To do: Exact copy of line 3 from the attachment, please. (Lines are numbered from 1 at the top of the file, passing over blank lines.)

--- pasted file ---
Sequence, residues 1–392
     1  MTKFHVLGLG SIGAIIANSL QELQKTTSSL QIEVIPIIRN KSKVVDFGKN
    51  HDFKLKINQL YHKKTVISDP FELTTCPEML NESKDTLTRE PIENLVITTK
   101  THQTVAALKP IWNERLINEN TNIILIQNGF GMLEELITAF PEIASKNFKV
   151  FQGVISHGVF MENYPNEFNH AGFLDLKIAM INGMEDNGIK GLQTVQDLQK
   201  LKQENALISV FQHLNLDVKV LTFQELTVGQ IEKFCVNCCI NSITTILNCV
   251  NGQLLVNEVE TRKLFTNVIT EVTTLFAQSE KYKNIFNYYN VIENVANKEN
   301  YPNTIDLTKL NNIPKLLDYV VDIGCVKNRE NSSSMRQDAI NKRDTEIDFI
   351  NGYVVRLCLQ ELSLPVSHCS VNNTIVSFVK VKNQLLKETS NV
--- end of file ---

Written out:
    51  HDFKLKINQL YHKKTVISDP FELTTCPEML NESKDTLTRE PIENLVITTK